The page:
41

ATESH RAM - PLUME THE VINEYARD RESTAURANT

When and where did you start cooking? When I was nine years of age I started cooking back home in my mother’s kitchen in Fiji – my mother taught me everything she knew!

What was your most formative experience? I was reporting to a Scottish Head Chef when I started off in life in formal kitchens – I had to work beside him and keep up with his pace of work. He was a hard and challenging chef who taught me a lot and made me determined to succeed as a chef.  An example – I had to prepare live crayfish to order in an open kitchen visible to customers…

What are your top five ingredients? I love vanilla, lemon grass, citrus fruit, good cuts of red game meats, chocolate.

Where do you source your products? All our herbs from the potager gardens adjacent to the restaurant and café, fruit including figs, feijoas and citrus come from the orchards of the vineyard, olive oil from our own olive groves, grape sorbet made from grapes in the vineyard. We use local suppliers for most of our products as much as possible.

What’s your signature dish? Squid ink crusted salmon, orange beurre blanc, cauliflower puree, nicoise salad.

What do you most enjoy about where you’re working right now? The challenge of handling the demands of both a busy restaurant and a thriving café in Matakana, handling conferences, weddings, corporate functions. Our proximity to Auckland leads to large à la carte numbers, especially on the weekends. We have to ensure we handle these to the satisfaction of all.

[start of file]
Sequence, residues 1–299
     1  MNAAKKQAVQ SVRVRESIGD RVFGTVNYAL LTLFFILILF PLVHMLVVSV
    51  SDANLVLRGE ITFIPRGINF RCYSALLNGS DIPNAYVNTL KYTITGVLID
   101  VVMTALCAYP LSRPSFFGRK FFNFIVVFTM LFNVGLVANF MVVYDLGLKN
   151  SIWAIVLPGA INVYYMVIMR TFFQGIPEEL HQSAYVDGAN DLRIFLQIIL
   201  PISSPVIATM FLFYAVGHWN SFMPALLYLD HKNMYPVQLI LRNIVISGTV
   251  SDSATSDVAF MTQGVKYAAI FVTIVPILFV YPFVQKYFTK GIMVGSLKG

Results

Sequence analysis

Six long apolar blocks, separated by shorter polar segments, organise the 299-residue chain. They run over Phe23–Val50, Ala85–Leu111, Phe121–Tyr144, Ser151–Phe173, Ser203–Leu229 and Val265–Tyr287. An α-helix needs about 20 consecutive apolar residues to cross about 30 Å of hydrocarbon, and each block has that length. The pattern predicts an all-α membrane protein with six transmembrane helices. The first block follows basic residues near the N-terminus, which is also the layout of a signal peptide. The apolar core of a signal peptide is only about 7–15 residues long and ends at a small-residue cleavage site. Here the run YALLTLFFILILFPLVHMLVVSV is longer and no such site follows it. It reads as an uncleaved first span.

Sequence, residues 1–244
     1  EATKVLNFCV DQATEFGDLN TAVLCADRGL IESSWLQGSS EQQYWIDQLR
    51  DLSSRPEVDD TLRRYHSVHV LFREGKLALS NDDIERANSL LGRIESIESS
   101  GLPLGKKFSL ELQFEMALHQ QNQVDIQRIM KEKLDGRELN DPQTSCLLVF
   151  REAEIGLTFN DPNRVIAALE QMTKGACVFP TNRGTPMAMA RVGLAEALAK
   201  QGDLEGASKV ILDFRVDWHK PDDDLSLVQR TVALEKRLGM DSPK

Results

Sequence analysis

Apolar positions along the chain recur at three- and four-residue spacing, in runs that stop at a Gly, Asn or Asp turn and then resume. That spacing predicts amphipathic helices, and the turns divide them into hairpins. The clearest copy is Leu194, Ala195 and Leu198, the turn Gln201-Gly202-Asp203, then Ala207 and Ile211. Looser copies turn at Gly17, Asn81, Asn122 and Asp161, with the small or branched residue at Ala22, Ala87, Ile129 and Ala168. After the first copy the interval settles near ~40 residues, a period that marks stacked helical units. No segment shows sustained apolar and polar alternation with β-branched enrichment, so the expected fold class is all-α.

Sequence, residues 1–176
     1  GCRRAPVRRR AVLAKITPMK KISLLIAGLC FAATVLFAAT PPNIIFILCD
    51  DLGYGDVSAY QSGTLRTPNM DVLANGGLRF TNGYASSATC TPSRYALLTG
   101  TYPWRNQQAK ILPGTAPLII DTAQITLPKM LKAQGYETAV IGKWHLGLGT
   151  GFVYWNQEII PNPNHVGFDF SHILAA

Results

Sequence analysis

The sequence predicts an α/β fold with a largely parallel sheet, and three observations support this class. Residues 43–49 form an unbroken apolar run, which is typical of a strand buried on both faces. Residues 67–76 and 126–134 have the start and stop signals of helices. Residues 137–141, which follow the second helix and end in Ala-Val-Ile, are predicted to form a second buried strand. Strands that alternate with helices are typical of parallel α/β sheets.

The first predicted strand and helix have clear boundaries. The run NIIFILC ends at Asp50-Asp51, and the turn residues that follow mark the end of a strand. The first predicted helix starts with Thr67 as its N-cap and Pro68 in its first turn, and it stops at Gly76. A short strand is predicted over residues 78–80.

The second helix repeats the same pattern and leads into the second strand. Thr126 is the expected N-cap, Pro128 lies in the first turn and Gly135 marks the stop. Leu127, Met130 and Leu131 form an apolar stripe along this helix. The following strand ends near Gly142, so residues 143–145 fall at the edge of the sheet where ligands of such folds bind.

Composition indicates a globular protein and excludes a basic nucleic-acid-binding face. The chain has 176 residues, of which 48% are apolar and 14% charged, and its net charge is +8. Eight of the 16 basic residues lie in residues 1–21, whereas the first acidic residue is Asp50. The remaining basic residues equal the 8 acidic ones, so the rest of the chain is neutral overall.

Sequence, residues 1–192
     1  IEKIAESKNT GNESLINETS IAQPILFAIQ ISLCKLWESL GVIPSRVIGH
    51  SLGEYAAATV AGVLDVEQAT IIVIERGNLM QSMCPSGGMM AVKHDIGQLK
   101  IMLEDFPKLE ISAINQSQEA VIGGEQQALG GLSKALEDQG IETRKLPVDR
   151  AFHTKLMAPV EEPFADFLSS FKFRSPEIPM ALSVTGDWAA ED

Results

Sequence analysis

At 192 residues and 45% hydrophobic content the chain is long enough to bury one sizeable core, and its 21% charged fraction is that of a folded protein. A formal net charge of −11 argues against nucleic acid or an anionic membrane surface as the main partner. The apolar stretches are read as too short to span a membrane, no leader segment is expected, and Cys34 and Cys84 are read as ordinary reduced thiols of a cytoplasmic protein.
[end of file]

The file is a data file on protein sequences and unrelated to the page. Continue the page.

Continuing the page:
42

Photo credit: Louise M Photography

KERRY JOHNS AND SARAH WILLIS - RAVISH

When and where did you start cooking?  Sarah: My mum is a great creative cook – she taught me to use a recipe as a guide, not a rule, and to use what was in the cupboard or the garden. After having children, I started by making cakes and building on ideas.

Kerri: While on my OE I lived with 12 people and was always the first one home. I started cooking dinners and loved cooking for lots of people and experimenting with different flavours.

What was your most formative experience? After becoming friends, we quickly realised that we shared the same passion for food and fresh ingredients. The timing was right for us both to combine our individual styles and work together. After a cheeky little road trip north to buy our first kitchen, Ravish was born.

What are your top five ingredients?  Sarah: butter, lemons, dark chocolate, vanilla and coconut butter.  Kerri: garlic, lemon, chilli, basil and kaffir lime leaf.

Where do you source your products?  Locally wherever possible, markets, our gardens.

What’s your signature dish? Sarah: Probably my caramel bombs, a chewy buttery base laced with sticky salted caramel and dark chocolate.  Kerri: Pulled pork - yummy in a burger, taco or pie!